The first test case is being raised by the Educational Institute of Scotland, the union that is seen by rivals as the principal defender of the contentious promoted post evaluations carried out by independent consultants from PricewaterhouseCoopers.
Most complaints continue to stream from the secondary sector but the honour of challenging the details of the agreement falls to Maureen Jobson, head of Gorebridge primary, whose husband, Roy, is education director in neighbouring Edinburgh.
Mrs Jobson is contesting Midlothian's decision not to increase her salary to the level set by the consultants. A formal grievance has been issued.
The EIS will stoutly defend the job-sizing agreement and is likely to argue that the authority accepted the terms of the national and local exercise and should therefore accept the outcomes without challenging individual cases.
Since thousands of senior promoted staff remain unhappy with the outcome of job-sizing, and with the EIS, the union is keen to press home the point that there should be no wavering on the local authority side.
Midlothian will claim special circumstances that were overlooked. The EIS will counter that there can be no special circumstances since the agreements were "signed off" locally. That would open the floodgates to thousands of challenges across Scotland.
Mrs Jobson's evaluation, based on a September 2002 return, shows she was covering for her depute who was on long-term sick leave. In effect, she was doing two jobs and it is understood she has been doing that for more than a year.
The consultants absorbed the information and produced a final salary that is believed to be around pound;2,000 higher than heads of similar-sized primaries. But that was not picked up by local job-sizing co-ordinators before the final placings were accepted by both the unions and the authority.
It is believed that Midlothian only cottoned on to the discrepancy later on in the process and declined to uprate the head beyond comparators. The authority will counter that Mrs Jobson is being paid an abnormal rate based on temporary circumstances and well above that of other primary heads.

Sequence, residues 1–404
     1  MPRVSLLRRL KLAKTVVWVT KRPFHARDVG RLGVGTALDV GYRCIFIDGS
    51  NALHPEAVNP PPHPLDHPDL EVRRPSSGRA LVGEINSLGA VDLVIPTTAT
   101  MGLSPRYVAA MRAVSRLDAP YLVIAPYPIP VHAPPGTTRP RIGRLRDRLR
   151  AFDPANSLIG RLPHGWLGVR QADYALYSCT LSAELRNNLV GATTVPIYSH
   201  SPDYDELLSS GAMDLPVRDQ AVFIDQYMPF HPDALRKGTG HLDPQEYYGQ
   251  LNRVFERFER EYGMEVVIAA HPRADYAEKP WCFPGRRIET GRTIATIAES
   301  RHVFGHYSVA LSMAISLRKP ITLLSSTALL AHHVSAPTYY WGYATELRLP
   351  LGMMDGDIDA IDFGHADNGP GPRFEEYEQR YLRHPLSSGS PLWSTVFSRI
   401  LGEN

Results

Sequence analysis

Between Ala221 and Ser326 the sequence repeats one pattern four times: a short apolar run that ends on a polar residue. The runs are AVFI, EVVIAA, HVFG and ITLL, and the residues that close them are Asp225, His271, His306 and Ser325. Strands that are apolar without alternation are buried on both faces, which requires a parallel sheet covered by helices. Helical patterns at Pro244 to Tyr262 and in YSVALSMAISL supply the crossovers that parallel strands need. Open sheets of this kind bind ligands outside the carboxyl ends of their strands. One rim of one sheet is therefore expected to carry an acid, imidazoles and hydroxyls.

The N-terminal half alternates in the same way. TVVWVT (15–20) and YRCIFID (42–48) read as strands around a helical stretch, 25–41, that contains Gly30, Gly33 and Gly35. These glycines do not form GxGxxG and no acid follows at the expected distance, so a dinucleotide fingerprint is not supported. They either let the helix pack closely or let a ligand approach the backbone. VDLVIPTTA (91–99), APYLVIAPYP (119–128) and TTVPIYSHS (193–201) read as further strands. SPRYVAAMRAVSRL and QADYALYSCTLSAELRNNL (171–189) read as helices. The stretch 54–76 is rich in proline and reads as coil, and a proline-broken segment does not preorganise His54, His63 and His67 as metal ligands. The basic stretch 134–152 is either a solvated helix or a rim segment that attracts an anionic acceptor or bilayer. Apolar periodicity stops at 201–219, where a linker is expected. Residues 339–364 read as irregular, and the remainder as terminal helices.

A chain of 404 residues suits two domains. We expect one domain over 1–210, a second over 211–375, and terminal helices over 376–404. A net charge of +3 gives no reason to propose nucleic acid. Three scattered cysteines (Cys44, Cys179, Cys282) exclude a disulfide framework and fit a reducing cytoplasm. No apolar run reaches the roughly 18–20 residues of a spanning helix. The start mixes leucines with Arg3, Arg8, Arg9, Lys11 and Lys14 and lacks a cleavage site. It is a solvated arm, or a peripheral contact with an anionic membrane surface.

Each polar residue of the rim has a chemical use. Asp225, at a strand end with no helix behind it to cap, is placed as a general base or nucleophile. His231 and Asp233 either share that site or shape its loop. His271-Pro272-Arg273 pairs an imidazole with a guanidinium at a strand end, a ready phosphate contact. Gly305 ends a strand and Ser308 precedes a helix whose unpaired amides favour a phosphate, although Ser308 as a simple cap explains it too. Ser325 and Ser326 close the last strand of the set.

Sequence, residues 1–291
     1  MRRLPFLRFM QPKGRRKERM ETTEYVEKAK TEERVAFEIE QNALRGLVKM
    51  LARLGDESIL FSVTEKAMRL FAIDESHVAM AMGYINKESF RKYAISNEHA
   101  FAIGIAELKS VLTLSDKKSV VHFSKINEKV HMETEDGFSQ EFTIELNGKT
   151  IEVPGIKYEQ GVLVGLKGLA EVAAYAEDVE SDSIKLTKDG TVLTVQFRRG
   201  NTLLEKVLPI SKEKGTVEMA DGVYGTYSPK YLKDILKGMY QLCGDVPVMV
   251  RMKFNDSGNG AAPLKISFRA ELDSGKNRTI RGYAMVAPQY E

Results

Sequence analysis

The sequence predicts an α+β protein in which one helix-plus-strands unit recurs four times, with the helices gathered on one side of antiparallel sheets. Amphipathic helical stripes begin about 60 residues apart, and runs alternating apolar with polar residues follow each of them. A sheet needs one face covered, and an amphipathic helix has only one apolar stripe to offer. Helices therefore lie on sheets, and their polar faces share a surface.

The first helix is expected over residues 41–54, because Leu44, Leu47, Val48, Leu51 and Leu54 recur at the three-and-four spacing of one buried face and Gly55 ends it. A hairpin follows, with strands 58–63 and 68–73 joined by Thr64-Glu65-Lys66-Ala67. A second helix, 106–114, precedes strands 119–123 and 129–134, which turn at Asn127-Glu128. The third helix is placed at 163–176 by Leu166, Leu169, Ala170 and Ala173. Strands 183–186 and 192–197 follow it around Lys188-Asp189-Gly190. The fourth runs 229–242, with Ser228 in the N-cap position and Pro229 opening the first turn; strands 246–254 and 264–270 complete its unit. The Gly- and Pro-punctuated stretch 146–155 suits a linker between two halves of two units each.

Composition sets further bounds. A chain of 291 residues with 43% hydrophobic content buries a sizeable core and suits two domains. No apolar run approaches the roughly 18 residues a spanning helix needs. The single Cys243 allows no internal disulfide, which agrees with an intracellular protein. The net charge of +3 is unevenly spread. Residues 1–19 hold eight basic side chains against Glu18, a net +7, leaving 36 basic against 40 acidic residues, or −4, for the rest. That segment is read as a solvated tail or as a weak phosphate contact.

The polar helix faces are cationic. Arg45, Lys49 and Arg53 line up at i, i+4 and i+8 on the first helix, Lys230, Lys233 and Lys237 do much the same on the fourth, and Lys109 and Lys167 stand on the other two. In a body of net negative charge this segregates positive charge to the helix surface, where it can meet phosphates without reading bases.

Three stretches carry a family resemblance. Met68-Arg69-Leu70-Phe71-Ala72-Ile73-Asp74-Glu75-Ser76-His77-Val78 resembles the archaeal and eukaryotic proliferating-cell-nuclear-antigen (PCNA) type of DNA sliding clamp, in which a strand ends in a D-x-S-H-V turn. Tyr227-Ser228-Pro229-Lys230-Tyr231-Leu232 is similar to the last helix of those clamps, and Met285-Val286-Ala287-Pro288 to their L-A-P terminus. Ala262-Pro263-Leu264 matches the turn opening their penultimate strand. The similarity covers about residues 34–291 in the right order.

Donald MacKay, education director, said: "We will not comment on any individual grievance or disciplinary procedure that is coming forward."
In similar vein, the EIS declined to comment on individual cases "particularly where there is the possibility of further action through official channels".
Mrs Jobson said she was "surprised" by events. The money itself is not believed to be the source of the grievance.
Meanwhile, the Scottish Secondary Teachers' Association will shortly dispatch a questionnaire to disgruntled members inviting them to reveal details of their job-sizing outcomes and may launch a legal challenge to the whole process based on the returns.
Despite being a partner in the exercise, the union has sought to distance itself from the findings once it became clear that secondaries appeared to be losing out to primaries. The association may take its discontent to an employment tribunal if its lawyers are convinced about the unfair treatment of groups of members.
Elsewhere, secondary and primary heads' associations are keeping their discontent under wraps, although they share many of the concerns about the way the job-sizing exercise has been dominated by the EIS. Many primary heads, who might have been expected to be supportive, remain unhappy at individual placings and what they allege are obvious discrepancies in the system.